Joseph Whiting Lincoln (1859-1938), of Accord, Massachusetts, sanding a decoy in front of his workshop, 1926
(Leslie R. Jones photo)
Wildfowl decoys hand-carved by self-taught craftsmen working in the classic American waterfowl shooting regions in the late 19th and early 20th centuries have been recognized as a highly evocative and peculiarly American form of folk art. Decoys have been avidly studied and collected within the sporting community for decades, and examples from the most renowned makers bring high prices at auction.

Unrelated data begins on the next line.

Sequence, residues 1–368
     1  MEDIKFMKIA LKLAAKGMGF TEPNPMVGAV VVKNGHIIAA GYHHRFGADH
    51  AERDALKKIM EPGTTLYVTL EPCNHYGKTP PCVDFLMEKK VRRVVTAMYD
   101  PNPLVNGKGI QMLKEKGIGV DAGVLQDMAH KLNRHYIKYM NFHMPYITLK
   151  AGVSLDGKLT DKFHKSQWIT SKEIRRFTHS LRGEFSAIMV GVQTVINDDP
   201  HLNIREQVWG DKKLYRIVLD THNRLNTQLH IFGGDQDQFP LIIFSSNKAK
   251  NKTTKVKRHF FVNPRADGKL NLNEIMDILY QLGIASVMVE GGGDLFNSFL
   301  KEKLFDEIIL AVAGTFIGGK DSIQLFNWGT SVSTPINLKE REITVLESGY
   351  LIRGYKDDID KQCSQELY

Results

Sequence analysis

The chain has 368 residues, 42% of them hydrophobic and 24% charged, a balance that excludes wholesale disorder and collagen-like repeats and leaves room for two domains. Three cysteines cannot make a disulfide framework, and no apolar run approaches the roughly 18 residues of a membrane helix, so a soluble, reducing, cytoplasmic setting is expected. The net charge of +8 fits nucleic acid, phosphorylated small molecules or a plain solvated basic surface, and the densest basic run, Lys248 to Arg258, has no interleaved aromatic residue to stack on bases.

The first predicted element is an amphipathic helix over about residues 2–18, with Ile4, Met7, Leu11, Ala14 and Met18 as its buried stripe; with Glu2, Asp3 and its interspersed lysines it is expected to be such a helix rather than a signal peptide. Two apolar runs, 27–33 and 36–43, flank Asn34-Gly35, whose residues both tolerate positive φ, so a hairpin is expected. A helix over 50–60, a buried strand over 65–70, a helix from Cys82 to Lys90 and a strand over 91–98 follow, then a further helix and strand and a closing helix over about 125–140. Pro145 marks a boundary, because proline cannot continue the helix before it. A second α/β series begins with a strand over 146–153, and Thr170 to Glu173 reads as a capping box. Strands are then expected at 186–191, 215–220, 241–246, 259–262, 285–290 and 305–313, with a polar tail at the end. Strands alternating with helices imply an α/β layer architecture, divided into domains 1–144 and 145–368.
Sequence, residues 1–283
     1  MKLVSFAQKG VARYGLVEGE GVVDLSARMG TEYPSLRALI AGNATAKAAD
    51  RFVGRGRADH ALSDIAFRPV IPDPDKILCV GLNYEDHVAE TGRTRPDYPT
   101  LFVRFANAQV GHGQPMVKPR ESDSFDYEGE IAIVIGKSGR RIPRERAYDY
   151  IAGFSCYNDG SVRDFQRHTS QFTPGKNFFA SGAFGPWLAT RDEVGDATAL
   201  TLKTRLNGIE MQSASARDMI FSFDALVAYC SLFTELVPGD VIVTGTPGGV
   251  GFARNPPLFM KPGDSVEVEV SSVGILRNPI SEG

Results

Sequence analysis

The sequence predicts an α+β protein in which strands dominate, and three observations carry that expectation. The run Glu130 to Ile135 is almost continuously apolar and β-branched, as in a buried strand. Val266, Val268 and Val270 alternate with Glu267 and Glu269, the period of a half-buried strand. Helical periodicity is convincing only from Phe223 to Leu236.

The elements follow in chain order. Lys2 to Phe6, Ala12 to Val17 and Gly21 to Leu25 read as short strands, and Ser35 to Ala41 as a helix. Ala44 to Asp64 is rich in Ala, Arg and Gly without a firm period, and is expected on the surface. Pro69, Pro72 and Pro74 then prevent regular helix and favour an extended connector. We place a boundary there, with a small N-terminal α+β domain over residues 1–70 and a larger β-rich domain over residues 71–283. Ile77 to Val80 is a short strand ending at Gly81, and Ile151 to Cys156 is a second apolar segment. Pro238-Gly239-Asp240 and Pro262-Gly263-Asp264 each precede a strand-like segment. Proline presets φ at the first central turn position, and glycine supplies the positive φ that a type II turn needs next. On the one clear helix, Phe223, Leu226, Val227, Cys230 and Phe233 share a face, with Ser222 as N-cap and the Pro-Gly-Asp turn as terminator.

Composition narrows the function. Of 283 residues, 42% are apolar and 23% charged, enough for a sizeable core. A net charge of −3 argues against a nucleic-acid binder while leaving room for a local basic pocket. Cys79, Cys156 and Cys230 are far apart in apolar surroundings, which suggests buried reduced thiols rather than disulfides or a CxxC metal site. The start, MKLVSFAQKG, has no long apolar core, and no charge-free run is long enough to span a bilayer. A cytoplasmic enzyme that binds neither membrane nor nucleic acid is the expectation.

The work of few makers is more admired than that of Joseph W. Lincoln of Accord, Massachusetts. Joe Lincoln’s birds combine a certain abstract monumentality with an effectively lifelike impressionism. They worked particularly well in their day, because their maker took deliberate care to produce well-fed and contented looking birds.
One can never see enough Joe Lincoln decoys, and I recently discovered that a privately-printed, limited edition (1000 copies) book on Lincoln appeared in 2002.
Copies are still available at the original price of $98 from the author (I paid more on Ebay for mine):
c/o New England Tackle
41 Sharp Street
Hingham, MA 02043
Mr. Vinal can be contacted via email at Capvinal@verizon.net.